Radiology residents tend to see their clinical performance and test performance improve as they get more experience interpreting studies. If residents are asked to do too much, however, their performance will suffer.
Vikas Agarwal, MD, with the department of radiology at the University of Pittsburgh Medical Center in Pittsburgh, and colleagues studied this delicate relationship between volume and clinical performance, sharing their findings in Academic Radiology.
Agarwal and colleagues studied the volumes, clinical performance and exam scores of three graduating classes of radiology residents from a single residency program. Overall, the 37 residents interpreted a mean of more than 12,000 exams. As the number of studies increased, performances improved—until volumes hit approximately 16,000 exams. At that point, the authors found, performance began to go in the wrong direction.
“The total number of studies interpreted during radiology training correlates with performance,” the authors wrote. “Residencies should endeavor to find the ‘sweet spot’: the amount of work that maximizes clinical exposure and knowledge without overburdening trainees.”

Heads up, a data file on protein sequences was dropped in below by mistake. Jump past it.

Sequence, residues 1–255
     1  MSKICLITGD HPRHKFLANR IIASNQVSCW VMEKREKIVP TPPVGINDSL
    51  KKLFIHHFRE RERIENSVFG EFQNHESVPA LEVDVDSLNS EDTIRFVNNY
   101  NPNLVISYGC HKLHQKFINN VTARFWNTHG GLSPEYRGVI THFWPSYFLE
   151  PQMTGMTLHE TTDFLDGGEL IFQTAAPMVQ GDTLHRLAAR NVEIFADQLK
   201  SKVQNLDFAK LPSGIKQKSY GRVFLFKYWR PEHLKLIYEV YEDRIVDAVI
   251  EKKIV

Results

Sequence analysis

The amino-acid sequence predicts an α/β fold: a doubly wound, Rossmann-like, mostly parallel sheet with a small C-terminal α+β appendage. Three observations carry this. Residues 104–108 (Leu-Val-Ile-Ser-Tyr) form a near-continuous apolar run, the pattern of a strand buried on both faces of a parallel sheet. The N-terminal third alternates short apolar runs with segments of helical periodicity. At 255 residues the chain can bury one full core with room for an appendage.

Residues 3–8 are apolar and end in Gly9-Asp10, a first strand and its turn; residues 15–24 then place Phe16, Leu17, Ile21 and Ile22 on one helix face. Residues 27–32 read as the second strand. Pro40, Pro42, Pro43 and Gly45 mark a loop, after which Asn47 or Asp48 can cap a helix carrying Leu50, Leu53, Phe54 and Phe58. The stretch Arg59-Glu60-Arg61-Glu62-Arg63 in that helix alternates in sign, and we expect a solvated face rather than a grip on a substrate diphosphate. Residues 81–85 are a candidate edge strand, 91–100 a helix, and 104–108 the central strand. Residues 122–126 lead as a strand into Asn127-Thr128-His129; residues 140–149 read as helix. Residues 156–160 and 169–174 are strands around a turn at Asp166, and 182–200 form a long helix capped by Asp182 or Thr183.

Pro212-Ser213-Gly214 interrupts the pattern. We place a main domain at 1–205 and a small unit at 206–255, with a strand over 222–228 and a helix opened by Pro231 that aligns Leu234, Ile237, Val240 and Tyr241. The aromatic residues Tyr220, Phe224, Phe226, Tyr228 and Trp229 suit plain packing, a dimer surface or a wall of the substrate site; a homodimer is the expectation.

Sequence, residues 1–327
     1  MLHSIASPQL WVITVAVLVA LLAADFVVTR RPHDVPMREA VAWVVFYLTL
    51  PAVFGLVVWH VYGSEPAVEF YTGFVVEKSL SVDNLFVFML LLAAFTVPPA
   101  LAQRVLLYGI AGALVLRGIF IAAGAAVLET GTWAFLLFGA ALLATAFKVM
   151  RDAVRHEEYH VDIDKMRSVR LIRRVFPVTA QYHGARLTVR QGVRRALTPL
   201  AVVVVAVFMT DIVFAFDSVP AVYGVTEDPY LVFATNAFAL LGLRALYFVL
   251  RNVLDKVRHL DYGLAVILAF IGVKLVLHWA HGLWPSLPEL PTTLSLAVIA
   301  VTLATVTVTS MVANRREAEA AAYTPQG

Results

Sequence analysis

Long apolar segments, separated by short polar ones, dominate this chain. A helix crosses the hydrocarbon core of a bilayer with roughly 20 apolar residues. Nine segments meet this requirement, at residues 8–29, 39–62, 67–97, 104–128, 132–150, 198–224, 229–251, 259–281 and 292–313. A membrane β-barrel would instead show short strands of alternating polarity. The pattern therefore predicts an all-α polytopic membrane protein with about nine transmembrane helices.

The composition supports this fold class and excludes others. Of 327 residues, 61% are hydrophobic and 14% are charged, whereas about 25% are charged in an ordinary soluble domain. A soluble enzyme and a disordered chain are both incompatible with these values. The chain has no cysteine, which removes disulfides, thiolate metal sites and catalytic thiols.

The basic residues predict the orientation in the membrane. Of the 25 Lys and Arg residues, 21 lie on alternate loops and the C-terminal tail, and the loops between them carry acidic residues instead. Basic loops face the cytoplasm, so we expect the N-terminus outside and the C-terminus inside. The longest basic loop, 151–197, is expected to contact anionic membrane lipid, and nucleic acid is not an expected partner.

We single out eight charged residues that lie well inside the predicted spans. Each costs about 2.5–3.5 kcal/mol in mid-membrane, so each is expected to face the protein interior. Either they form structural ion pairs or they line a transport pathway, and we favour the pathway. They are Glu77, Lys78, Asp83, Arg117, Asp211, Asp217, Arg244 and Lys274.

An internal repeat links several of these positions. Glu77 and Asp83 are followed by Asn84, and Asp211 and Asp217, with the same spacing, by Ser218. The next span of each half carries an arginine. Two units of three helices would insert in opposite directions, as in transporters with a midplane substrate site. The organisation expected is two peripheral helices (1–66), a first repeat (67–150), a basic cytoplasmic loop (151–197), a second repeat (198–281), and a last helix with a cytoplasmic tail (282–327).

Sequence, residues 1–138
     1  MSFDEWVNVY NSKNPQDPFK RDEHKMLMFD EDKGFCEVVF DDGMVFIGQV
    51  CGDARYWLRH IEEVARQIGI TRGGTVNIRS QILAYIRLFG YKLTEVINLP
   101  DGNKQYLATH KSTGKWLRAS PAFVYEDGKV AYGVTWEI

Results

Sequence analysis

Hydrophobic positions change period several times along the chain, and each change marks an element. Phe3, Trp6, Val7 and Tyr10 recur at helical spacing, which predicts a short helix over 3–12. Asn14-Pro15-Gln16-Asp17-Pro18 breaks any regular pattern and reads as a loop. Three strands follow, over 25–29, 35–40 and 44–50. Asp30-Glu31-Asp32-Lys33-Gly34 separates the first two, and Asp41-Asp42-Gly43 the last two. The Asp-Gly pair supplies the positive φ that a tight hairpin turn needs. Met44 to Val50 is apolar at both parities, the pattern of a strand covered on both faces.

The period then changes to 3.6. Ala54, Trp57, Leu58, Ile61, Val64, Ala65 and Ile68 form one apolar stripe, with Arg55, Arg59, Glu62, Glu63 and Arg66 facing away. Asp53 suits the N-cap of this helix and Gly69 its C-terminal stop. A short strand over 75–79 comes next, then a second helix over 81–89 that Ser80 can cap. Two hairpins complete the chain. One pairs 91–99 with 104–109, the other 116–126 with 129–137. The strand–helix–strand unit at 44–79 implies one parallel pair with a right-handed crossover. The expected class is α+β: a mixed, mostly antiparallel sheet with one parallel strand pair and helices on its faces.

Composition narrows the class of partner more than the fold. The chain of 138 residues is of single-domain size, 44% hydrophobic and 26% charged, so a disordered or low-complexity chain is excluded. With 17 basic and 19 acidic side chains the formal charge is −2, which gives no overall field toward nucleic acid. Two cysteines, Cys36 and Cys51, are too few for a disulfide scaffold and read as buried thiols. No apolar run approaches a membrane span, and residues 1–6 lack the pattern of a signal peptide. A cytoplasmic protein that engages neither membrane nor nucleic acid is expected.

Agarwal et al. noted that previous studies have found increased volumes can lead to higher discrepancy rates for radiologists, but this does not mean programs should go easy on trainees.
“Volume and exposure is critical for radiology resident development,” the authors wrote. “Several authors have noted that clinical performance improves with training. As expected, more senior radiology residents have lower discrepancy rates. It is logical that even within a given class year, residents who have interpreted more examinations over the preceding years will, in general perform better than residents who have interpreted fewer examinations.”